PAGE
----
As the world becomes ever more tense with the ongoing coronavirus outbreak, Americans have responded by queuing to buy guns.
According to reports, fears have grown among some parts of the country that the spread of the deadly disease could lead to a breakdown in society, while others believe the government will try to restrict their 'constitutional right' to own a firearm.
As a result, people have been queuing for hours to get their hands on weapons and ammunition, and local store owners say business has never been better.
David Stone runs Dong's Guns, Ammo and Reloading, where his usual sales pitch is 'welcome to the biggest selection of ammunition in all of Oklahoma'.
But speaking to The LA Times, he said: "I'm not sure I can keep on saying that. When I say sales have been booming, it's an understatement.
"You got to be protected for all sorts of stuff. Seems like the world has gone mad."
In California, paranoia is rising among some over potential government opportunism.
John Gore was part of a long line waiting outside Martin B. Retting gun shop in Culver City, over the weekend.
The 39-year-old said: "Politicians and anti-gun people have been telling us for the longest time that we don't need guns.
"But right now, a lot of people are truly scared, and they can make that decision themselves."
Others who have taken to standing in line to purchase a weapon, have cited racial tensions as an overriding factor in their decision to protect themselves.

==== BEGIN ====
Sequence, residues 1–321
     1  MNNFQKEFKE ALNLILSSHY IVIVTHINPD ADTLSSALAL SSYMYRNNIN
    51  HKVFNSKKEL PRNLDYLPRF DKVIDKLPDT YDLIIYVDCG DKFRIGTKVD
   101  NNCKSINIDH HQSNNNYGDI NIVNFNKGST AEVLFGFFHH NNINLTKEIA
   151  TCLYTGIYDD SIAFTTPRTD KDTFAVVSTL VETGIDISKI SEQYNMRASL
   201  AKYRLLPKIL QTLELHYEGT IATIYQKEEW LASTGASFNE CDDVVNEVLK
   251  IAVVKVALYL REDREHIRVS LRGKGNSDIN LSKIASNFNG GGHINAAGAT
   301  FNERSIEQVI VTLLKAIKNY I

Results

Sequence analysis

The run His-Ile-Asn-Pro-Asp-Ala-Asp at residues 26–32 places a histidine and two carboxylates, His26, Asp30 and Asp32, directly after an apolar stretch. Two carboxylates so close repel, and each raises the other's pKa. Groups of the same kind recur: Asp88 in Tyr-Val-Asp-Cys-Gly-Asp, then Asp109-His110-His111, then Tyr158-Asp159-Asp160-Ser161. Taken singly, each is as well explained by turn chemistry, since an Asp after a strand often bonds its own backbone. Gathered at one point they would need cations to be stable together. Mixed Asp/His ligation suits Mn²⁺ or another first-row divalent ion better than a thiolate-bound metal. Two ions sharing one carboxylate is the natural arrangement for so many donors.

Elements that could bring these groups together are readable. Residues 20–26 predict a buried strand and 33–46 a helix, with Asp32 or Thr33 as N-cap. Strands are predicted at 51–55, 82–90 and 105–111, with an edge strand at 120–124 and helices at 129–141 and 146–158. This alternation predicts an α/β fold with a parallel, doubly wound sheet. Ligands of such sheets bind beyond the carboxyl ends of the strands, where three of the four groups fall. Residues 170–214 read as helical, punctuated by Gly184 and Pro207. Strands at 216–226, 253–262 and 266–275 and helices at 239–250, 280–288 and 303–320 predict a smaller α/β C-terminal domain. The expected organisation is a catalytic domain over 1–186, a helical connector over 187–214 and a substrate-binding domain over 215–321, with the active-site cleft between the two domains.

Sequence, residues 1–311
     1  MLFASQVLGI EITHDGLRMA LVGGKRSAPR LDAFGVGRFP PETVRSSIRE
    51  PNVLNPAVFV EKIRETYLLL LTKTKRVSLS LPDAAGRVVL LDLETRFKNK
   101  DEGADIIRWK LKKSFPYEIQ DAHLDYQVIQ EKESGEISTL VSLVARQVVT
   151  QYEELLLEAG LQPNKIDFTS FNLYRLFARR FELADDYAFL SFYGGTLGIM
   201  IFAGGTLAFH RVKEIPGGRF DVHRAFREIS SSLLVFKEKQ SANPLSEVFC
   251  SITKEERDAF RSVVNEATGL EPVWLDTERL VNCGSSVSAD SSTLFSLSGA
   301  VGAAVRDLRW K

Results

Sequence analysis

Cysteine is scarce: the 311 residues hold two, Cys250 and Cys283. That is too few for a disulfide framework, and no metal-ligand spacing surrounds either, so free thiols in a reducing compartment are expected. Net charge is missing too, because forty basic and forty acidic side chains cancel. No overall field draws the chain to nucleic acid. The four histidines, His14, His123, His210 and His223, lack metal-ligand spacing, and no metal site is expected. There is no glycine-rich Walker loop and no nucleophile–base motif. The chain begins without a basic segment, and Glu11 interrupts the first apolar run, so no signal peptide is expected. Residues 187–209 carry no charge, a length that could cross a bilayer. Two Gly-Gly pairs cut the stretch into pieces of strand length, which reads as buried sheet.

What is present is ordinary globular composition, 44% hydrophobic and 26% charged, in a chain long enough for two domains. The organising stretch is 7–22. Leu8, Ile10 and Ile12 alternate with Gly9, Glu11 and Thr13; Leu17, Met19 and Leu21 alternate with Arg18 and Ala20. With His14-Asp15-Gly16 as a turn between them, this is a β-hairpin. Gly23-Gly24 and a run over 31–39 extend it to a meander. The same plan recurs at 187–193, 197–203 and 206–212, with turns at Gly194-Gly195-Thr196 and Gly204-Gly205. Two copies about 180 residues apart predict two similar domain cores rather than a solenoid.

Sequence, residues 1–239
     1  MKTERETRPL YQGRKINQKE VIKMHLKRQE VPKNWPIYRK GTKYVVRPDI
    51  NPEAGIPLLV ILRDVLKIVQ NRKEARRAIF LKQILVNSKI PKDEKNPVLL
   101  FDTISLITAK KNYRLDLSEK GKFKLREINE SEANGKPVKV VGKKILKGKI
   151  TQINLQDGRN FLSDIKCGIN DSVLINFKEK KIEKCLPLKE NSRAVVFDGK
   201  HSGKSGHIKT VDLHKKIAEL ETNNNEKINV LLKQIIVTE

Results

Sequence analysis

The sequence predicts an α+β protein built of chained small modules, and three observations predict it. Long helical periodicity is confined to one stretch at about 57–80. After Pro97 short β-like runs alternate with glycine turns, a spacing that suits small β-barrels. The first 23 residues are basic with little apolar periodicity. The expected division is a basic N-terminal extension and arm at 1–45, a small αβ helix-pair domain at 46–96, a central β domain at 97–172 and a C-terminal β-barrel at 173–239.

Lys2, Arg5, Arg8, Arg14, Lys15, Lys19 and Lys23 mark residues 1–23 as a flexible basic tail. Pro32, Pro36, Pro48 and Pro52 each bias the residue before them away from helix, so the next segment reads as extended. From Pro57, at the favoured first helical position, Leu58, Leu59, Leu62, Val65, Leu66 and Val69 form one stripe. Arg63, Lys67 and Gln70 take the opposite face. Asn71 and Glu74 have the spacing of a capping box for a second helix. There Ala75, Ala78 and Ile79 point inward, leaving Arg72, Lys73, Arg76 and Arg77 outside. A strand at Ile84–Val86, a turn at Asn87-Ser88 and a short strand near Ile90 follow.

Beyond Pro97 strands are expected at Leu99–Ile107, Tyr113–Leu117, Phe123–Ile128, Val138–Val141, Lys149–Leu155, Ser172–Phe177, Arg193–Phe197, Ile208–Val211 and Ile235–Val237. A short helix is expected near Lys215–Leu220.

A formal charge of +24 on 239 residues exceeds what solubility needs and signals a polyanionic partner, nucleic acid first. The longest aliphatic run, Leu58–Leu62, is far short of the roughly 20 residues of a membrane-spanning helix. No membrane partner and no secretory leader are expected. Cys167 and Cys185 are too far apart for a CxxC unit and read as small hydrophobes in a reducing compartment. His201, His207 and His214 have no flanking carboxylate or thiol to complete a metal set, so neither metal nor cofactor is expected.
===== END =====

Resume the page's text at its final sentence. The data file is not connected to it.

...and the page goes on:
Some in the Asian community in the San Gabriel Valley, south of Los Angeles, fear they may be targeted if there is a disintegration of law and order.
Daniel Lim, who recently bought his wife a gun from Arcadia Firearm & Safety, told CBS Los Angeles: "I do worry. I hope and pray it never happens."
Dirk Zhang also picked up a firearm for his partner, who had never allowed him to have a gun before the outbreak. He says preparing for the worst is vital at times like this.
Speaking for himself and his partner, he said: "We think it's the perfect time to get a weapon for ourselves. She's a little afraid of the outbreak of the virus."
Ammo.com, an online ammunition store, told The LA Times that sales were 68 percent higher between 23 February and 4 March, compared to the preceding 11 days - with residents in North Carolina and Georgia responsible for the most purchases.
While Kevin Lim, who runs Bulletproof Zone, told BuzzFeed that he has seen a rise in sales from 50 to 100 percent.
He said: "I think with the way things have escalated quite quickly around the world and in the US in just the last couple of weeks, it's very hard to tell what's going to happen next, and I believe it is better to be safe than sorry."
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